Leopard reserve in heart of city

Leopard reserve in heart of city

Mention of Rajasthan conjures up images of beautiful palaces and famous forts. Now, visitors can add one more to their list of must-visit places, which is not associated with heritage structures. The Rajasthan government has set up first   leopard reserve at Jhalana in the heart of Jaipur.

Spread over 24 sq km, Jhalana Leopard Reserve is  an initiative of the Rajasthan government to improve leopards' prey base and reduce conflicts with humans. The project borrows its basic features from the "Project Tiger" launched by the Centre in 1973.

"Due to non-availability of adequate food and water inside forest and protected areas, several animals have started straying into human habitations and agriculture fields, causing man-animal conflict. The project will mitigate man-leopard conflict, conserve leopard population by countering the threats, create goodwill between local communities and leopards," Forest Minister Gajendra Singh Khimser told DH.

The Aravali range spread over 75 sq km has a history of leopard spotting and is divided into Jhalana, Amagarh and Nahargarh that are home to leopards.  The forest department is also organising tours for school and college students to sensitise youth.  

"It's a unique initiative and we have constructed a huge wall around the reserve. After declaring it as a reserve, the protection level has improved at various levels. The biggest advantage is that it will help in reducing the encroachments," Chief Wildlife Warden G V Reddy said.  So far, the government has spent around Rs 15 crore on the development work.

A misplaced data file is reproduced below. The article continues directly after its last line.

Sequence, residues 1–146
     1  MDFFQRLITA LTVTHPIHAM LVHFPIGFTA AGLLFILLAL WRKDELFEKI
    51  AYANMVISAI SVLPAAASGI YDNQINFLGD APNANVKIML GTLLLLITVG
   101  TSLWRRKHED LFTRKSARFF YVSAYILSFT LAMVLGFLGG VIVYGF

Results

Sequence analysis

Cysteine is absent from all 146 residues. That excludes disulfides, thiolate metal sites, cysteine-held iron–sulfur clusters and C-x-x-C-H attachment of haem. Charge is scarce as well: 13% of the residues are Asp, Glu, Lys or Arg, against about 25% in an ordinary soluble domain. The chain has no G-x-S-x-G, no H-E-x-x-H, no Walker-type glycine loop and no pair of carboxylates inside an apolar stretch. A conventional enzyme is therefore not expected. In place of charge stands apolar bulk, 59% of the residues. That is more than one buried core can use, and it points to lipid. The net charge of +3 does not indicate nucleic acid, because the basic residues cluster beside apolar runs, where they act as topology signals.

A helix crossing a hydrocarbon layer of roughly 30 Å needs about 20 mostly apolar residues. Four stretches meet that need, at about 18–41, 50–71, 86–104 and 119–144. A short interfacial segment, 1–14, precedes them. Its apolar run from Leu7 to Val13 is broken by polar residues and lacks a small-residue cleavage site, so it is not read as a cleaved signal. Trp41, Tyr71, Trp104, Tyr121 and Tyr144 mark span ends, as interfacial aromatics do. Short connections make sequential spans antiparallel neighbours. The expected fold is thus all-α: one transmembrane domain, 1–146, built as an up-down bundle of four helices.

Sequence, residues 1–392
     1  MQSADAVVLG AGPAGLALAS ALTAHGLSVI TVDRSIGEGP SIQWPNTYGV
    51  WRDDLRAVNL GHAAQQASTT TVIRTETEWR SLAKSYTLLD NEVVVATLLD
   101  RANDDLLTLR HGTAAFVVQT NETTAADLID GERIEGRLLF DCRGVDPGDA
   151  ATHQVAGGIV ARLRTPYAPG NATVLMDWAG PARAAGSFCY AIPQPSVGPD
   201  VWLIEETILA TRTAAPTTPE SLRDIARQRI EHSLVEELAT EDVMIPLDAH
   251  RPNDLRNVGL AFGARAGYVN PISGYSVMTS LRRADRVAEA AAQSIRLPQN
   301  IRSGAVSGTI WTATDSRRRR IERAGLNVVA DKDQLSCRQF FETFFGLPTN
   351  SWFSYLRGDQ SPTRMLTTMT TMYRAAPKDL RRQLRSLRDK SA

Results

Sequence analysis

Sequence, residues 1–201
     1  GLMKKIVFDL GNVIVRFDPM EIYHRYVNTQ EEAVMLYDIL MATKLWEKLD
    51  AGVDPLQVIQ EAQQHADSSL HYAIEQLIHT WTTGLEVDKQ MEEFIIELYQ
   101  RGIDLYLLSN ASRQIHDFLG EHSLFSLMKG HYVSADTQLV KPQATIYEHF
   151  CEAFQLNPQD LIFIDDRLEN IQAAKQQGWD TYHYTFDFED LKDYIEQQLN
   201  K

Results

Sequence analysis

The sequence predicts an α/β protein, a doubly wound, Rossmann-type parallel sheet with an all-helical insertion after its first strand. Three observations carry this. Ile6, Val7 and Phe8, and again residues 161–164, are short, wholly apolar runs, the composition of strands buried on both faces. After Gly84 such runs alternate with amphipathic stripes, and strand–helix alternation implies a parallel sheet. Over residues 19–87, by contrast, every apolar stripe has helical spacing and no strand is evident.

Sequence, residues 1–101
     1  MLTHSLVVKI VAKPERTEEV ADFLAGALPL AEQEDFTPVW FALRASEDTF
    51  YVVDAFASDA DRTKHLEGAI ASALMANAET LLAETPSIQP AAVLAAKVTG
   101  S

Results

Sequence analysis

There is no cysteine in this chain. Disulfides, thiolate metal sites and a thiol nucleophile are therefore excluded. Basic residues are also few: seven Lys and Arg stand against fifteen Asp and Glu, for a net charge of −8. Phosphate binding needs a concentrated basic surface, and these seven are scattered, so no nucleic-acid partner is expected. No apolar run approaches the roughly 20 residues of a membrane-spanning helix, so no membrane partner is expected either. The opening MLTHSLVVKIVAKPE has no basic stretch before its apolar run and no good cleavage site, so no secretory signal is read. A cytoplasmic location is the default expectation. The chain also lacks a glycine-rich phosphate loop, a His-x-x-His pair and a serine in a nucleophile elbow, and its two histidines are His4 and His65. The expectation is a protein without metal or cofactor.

However, incidents of leopard straying into urban habitat in 2017 have created panic among people of Jaipur. On December 29, a leopard strayed into a residential locality and ran into a house in Jagatpura. The forest department tranquilised the animal and shifted it back.   Earlier, a leopard was spotted on JLN Marg and many had clicked pictures. Both Jagatpura and JLN marg are close to Jhalana.

Converting forest land into a reserve has brought smiles on the faces of wildlife enthusiasts and regulars to Jhalana. One of the famous social media group of Jhalana Lovers is happy that the place is getting due attention. Members visit Jhalana almost every day and  have sighted at least 25 leopards over the years and named them. "We have been visiting Jhalana for the last 10 years, even before we formed a social media group. Later, we started posting photographs of birds, wild animals and leopards. This is a good initiative and will help to make Jhalana free from man-animal conflict," wildlife enthusiast Dhiraj Kapoor said.  

Dhiraj, who works for Leopard Monitoring, said: "This park has a lot of potential with highest density of leopard sighting in the world. Leopards could be sighted from a distance as close as 20 feet."

Names given

Enthusiasts have given names such as Aarti, Flora, Rainbow, Prince and Mrs Khan for big cats. They claim that they take several factors into consideration before naming a leopard. "Aarti got her name as we spotted her near the temple during the evening aarti (prayer). She would use the sound of temple bells to camouflage and hunt," Dhiraj said.